Daily Wellness

Four local trainers share the ins and outs of their typical daily schedules and remind us that we all have what it takes to get healthy.

Photos by Matthew Coughlin

Carlye Waters | Health and Wellness

I thought I was healthy,” Carlye Waters says of her breast cancer diagnosis at age 35. The life-changing news propelled Waters into an in-depth nine-year quest for health and wellness information. Eager to share her wealth of knowledge, she launched illume Health & Wellness, which has enabled her to work with clients of all ages, including her favorite group, teenage girls. “If I can make an impact in their lives before they go to college,” she explains, “then perhaps they won’t wind up where I did.”  Waters offers individualized wellness plans, as well as grocery store tours and label-reading classes. Her advice to people who might be intimidated about making nutritional changes is to make them a little at a time. “I won’t tell you to throw everything in your pantry away,” she says. “Instead, I say use up what you have and replace it with a healthier option.”

Daily Schedule

5:00 a.m.
I always start my day with a warm mug of water, lemon juice, apple cider vinegar and cranberry juice. It’s super detoxifying. Then I’ll have green tea or coffee. I usually don’t eat breakfast, especially if I’m teaching an early class at Glow Yoga.

5:30 a.m.
Two or three days a week, I’ll work out at home. I like to jump on my mini trampoline for a cardio workout.

8:00 a.m.
My mornings are either spent taking or teaching yoga classes. The rest of the morning is set aside for seeing clients or holding workshops.

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10:00 a.m.
If I’m not doing intermittent fasting, I’ll make a mid-morning smoothie. Water, chia seeds, flax seeds, collagen protein, blueberries and frozen spinach are perfect. I’ve even tried a chocolate cauliflower rice recipe.

12:00 p.m.
For lunch I’ll have leftovers from the night before or throw together a salad with romaine, kale or buttercrunch lettuce and chicken for protein. I always have chicken on hand, either some that I’ve baked or a rotisserie chicken from the grocery store.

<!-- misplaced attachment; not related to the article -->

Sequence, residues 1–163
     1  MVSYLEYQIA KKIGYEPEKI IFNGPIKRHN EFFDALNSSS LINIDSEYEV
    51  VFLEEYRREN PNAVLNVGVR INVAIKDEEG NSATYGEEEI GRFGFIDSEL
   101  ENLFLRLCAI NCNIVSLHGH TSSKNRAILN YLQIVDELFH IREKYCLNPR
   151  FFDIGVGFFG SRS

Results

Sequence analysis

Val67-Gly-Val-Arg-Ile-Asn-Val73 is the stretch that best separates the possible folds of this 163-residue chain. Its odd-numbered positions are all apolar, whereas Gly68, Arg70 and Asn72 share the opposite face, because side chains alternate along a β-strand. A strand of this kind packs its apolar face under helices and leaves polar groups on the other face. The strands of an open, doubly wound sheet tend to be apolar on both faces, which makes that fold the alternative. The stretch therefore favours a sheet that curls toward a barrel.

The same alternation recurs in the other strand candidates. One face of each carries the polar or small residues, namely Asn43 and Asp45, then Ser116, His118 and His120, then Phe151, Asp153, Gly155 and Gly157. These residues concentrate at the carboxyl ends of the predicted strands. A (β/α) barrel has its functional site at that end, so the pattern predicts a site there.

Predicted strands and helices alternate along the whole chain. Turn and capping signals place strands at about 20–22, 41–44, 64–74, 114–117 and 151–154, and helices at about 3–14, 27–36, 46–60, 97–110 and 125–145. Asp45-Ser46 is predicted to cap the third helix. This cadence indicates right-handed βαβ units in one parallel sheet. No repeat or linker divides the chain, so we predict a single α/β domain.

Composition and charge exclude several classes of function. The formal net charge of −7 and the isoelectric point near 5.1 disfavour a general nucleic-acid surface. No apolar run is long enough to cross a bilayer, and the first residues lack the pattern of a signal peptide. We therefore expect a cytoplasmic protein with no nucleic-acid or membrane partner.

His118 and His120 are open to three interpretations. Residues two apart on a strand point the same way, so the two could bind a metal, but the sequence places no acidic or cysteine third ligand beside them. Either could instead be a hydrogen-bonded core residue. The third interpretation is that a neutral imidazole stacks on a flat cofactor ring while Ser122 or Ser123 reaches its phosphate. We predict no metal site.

1:00 p.m.
I always have follow-up appointments with my clients.

4:00 p.m.
For a late-afternoon snack, I enjoy an apple, a handful of nuts or homemade granola. A boiled egg and some avocado are other good choices. I love snacks with healthy fats and a touch of protein.

6:00 p.m.
I try to have my weeknight dinners already planned out. Soups, baked chicken and spaghetti are family favorites. My kids prefer spaghetti squash noodles to pasta noodles.

8:00 p.m.
Pre-bedtime I enjoy a square of dark chocolate. If I’m really craving dessert, a chia seed pudding made with chia, a can of coconut milk, vanilla extract, blueberries and cacao nibs is perfect.

Preparation is key. Think about what activities you have during the week. Are you going to be coming in late? Crock-Pot or Instant Pot recipes are quick, easy and efficient.

Spencer Callahan, DC | Functional Medicine

Sometimes, life hands you lemons. But in Fairhope-native Spencer Callahan’s case, he was handed mysterious health issues. After bouncing from doctor to doctor, Callahan dove into the world of functional medicine, which he describes as a more holistic approach to medicine in which root causes for diseases or ailments are sought. He then created his own proverbial lemonade by opening Bayview Optimal Performance, a medical practice that offers chiropractic care, sports performance therapy and functional medicine. Callahan says that in addition to environmental and genetic factors, health problems can usually be traced to one of three causes: lack of sleep, insufficient exercise or improper nutrition.

Daily Schedule

7:00 a.m.
I’ve never been a morning person, so my wakeup time depends on when my first patient is. But before I do anything else, I drink at least 16 ounces of water, sometimes 32. Most people are severely dehydrated and don’t realize it.

7:30 a.m.
I let the dogs out and start the French press. There is no consensus on whether or not coffee is good for you. I think you need to weigh the pluses and minuses based on your own health history.

7:45 a.m.
I think it’s important to eat breakfast. I’ll eat whatever is leftover from the night before. Sometimes it’s chili or lentil stew. I also take this time to read medical research.

9:00 a.m.
I see morning patients until about noon.

I go to restaurants around the office a lot. Lunch out is a guilty pleasure for me, since I eat breakfast and dinner at home. I make the “better bad option” when dining out. I eat a lot of wraps and sandwiches with grilled chicken.

1:00 p.m.
I take a break and walk down to the pier to meditate and get sunshine and fresh air.

1:30 p.m.
I spend the afternoon seeing patients.

5:00 p.m.
I work out three to four days a week before dinner. I do a lot of weights — more functional movement stuff, like dumbbell, stretches, squats and lunges.